March 19, 2010
OFL’S SID RYAN: LABOUR MOBILIZING AS VALE INCO BRINGS IN SCABS FOR FIRST TIME IN HISTORY OF STEELWORKERS AT INCO, Friday, March 19, 2010
Source: Ontario Federation of Labour
BUSLOADS OF SUPPORTERS TO JOIN MARCH 22 RALLY IN SUDBURY
(TORONTO) -- Busloads of supporters will head to Sudbury on Monday, March 22 to join a rally for miners and smelter workers at mining giant Vale Inco.
More than 3,000 workers are in their ninth month of a strike over fundamental rights. Vale Inco is demanding huge rollbacks in pensions, nickel bonus, and seniority rights from the members of the United Steelworkers union. The Brazil-based mining giant bought Inco in 2006, and for the first time in the history of the United Steelworkers union at Inco, is using scabs.
The Ontario Federation of Labour, Canadian Labour Congress, and affiliated unions have organized buses to leave from various communities across Ontario for the Bridging the Gap solidarity rally.
“Labour is mobilizing in solidarity with the Vale Inco workers. This anti-union employer is parachuting scabs in to take the strikers’ jobs,” says OFL president Sid Ryan.
“These workers are holding the line in one of the longest and toughest union battles in Canadian history. It’s not only their battle. It’s up to all of us to stand up to the owners and managers of this foreign multinational and tell them this is not how we do things in Ontario.”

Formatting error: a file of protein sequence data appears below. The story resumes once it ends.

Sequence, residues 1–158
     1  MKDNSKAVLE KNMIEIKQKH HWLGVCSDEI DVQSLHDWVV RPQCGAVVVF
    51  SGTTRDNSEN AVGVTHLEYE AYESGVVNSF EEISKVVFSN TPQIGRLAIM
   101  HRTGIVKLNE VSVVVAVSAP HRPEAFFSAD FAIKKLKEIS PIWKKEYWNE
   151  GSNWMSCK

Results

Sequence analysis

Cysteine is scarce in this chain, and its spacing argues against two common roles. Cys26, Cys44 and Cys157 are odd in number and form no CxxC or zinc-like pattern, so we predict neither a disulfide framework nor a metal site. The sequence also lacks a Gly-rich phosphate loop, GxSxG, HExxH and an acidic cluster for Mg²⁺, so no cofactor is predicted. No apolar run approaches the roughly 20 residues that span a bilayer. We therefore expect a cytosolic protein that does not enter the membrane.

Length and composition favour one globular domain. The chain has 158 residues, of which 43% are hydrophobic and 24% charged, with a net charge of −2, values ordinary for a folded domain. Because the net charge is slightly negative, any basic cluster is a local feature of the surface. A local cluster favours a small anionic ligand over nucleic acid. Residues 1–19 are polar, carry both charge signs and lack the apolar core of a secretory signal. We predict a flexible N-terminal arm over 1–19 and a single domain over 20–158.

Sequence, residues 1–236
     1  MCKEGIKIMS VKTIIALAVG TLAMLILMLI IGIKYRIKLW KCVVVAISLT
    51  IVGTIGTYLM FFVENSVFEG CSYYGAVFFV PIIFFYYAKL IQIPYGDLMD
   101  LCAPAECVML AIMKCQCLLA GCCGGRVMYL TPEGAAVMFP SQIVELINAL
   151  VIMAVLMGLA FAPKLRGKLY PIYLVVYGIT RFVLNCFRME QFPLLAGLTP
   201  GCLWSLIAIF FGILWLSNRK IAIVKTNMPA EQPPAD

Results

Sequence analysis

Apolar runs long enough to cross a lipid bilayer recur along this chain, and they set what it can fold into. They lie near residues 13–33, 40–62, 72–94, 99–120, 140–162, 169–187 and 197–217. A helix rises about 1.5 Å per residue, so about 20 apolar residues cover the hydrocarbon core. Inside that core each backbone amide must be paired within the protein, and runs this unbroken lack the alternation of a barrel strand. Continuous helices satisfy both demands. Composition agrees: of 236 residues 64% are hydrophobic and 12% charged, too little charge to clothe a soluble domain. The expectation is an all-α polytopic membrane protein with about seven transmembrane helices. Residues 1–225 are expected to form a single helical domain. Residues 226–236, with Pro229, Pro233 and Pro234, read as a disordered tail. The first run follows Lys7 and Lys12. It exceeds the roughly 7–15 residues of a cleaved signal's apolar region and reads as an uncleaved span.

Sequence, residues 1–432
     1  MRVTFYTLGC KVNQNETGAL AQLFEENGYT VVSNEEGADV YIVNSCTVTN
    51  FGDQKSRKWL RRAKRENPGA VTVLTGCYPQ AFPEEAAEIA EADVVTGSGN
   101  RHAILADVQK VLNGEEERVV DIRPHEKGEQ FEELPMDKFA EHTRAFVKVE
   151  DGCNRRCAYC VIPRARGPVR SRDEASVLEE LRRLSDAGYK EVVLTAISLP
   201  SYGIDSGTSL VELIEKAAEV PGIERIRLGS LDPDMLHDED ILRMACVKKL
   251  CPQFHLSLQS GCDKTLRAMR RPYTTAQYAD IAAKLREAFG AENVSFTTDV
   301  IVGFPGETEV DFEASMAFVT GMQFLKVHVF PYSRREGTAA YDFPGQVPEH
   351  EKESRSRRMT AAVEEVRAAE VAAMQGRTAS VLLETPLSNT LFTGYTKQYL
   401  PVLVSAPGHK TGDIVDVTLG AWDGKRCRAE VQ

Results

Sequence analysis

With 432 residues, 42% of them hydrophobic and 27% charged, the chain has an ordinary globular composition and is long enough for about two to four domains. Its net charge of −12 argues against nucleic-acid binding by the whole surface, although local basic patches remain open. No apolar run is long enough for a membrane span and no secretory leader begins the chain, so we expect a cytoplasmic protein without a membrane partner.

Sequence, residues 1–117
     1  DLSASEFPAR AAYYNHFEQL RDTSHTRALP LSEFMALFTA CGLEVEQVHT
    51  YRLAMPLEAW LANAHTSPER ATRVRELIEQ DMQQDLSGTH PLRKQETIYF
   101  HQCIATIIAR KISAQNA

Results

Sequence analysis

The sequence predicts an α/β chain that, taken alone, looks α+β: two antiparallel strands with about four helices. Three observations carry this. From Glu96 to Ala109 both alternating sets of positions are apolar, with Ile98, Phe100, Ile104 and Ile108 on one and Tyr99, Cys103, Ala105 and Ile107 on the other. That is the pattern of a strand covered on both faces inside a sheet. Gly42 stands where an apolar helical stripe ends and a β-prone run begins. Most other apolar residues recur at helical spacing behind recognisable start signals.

The federal government approved the sale of INCO to Brazil-based Vale, and both the federal and Ontario governments have taken a hands-off approach to this strike, said Ryan. They must show leadership to uphold the principles of fair treatment and economic reason, said Ryan.
The OFL and affiliated unions have made a priority of pressing for the Ontario government to do its part to create and preserve good jobs. Vale Inco’s behavior is attacking good jobs with good pay and pensions, said Ryan.
“Vale Inco is trying to impose its way of doing things on Canadian workers. We have to get the message to foreign corporations that they cannot import anti-union strategies to Ontario and Canada.
“In the company’s Brazilian operations, workers are not laid off, but terminated, and without cause. They have no seniority rights, and no access to grievance and arbitration procedures. And health and safety standards are low.
“Solidarity among workers and unions is critical to helping Vale Inco workers win their battle and turn back any tide that would change labour relations and working conditions for Vale Inco workers or any other workers in Ontario.”
The strike has taken an enormous toll on the more than 3,000 workers, their families, and their communities.
Vale Inco is one of the most profitable corporations in the world, and collected $4.1 Billion US in profit from Ontario for the two years between 2006 and 2008.
President, Ontario Federation of Labour
p: 416.209.0066 (mobile)
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